“In certain cases, the existence of a federal criminal or counterintelligence investigation, if it becomes known to the public, may have unintended effects on our elections,” Mr. Barr wrote.

Those concerns, combined with the inspector general’s findings, seemed to underpin Mr. Barr’s memo to top Justice Department officials.

All the evidence in the world suggests that the known problems in Crossfire Hurricane stemmed from the opposite problem, working too hard to keep the investigation secret. Had the FBI not worked so hard to keep it secret, it wouldn’t have been run out of FBI HQ, and so would have had more resources available. Had the FBI not avoided overt steps, it would have obtained call records to indicate that George Papadopoulos (and Paul Manafort and Roger Stone), and not Carter Page, should have been the priority targets. Had the FBI not worked so hard to keep this secret, it might have caught several of Trump’s flunkies in the act of selling out the country. (And all three of those men hid information to prevent their actions from becoming known.) And now Bill Barr wants to make it harder, not easier, to find people selling out our country before they do real damage.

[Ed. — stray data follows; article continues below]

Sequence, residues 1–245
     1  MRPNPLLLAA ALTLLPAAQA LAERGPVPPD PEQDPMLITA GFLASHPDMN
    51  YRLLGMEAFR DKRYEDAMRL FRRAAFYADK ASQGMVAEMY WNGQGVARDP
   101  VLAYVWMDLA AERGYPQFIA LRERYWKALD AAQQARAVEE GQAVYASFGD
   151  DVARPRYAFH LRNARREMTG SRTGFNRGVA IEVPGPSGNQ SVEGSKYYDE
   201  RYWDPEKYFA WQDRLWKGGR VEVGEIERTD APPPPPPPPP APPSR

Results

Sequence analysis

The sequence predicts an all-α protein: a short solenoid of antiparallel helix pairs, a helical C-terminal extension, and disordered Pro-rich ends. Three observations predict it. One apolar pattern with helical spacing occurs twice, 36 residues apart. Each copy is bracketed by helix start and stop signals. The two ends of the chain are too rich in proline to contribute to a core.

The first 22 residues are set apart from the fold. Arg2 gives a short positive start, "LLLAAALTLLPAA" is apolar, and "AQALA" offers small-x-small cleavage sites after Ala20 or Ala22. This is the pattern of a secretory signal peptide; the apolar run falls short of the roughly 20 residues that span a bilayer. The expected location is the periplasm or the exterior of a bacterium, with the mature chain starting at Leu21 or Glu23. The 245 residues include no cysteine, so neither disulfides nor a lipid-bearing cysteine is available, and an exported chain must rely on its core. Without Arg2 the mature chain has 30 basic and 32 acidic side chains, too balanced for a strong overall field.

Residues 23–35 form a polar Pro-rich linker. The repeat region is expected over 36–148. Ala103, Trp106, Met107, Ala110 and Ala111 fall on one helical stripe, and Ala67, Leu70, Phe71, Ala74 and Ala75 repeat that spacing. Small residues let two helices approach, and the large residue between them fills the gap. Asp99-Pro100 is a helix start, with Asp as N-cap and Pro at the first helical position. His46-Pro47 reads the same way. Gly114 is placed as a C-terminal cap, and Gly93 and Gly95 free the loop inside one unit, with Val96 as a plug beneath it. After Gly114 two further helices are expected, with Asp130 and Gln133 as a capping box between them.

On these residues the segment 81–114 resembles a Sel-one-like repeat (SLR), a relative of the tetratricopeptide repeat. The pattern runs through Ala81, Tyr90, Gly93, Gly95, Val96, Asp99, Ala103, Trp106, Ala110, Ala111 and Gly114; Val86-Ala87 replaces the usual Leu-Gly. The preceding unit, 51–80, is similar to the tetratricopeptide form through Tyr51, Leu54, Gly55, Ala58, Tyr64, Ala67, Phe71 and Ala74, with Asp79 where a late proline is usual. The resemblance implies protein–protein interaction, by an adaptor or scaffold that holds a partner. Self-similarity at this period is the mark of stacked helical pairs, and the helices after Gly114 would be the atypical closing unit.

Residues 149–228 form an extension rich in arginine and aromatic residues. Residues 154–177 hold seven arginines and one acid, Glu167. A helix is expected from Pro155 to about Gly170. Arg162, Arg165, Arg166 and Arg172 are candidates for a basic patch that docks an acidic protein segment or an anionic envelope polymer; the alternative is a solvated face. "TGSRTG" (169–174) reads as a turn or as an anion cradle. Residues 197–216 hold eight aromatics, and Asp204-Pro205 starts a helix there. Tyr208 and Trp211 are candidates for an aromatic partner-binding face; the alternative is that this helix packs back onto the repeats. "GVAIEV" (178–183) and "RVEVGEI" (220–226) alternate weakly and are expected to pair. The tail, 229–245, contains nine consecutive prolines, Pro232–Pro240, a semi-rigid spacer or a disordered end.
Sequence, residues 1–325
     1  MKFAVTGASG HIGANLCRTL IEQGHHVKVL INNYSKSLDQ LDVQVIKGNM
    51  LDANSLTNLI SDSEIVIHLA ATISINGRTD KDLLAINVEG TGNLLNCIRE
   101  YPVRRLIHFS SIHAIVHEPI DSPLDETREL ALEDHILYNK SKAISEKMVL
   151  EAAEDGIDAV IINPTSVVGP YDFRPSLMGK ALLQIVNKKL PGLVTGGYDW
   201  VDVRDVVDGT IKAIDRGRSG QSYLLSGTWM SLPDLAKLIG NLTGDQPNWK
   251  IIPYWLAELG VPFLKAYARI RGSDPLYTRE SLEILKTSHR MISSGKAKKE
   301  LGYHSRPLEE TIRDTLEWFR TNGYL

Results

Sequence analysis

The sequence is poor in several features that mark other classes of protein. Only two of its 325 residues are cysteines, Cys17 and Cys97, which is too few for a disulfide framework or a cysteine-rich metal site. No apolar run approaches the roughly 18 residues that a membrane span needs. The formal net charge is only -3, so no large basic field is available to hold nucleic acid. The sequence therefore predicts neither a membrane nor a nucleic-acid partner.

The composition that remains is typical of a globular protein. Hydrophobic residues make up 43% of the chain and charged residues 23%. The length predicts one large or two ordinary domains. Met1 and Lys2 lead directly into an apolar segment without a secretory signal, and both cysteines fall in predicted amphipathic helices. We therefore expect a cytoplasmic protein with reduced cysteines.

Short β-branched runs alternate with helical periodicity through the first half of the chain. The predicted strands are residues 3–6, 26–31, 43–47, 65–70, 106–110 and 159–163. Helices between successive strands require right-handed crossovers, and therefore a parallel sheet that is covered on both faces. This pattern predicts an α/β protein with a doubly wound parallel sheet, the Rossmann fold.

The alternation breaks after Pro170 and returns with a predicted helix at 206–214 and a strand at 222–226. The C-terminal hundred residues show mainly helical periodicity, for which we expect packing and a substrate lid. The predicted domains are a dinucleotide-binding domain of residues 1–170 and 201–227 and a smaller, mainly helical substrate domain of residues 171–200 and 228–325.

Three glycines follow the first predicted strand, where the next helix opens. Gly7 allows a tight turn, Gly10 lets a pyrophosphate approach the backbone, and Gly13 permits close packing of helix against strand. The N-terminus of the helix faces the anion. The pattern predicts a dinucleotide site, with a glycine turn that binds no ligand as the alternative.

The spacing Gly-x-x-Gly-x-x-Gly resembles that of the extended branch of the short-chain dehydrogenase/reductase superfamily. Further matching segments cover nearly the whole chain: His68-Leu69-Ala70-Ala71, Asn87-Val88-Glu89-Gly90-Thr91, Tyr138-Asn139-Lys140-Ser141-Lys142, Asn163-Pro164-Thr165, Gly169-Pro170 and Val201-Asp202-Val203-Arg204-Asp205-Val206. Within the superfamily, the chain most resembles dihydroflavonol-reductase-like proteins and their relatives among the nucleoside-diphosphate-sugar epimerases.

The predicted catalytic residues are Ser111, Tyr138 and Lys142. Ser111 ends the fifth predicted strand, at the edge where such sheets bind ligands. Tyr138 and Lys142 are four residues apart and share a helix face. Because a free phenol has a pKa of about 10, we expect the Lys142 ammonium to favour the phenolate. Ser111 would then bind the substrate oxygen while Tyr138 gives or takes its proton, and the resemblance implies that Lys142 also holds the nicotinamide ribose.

Indeed, this extends even to the larger investigation into Russian interference. SSCI released its report on what the Obama Administration should have done better in 2016 yesterday, and many of the criticisms stem from how closely it held the intelligence about the attack, from Congress, election professionals, and agencies that might respond. (The report also undermined Barr’s justification for the Durham investigation, in that it suggested the IC should have warned policy makers far earlier than happened about Russian intentions, and points to John Brennan’s sensitive intelligence about the operation as the first alarm.)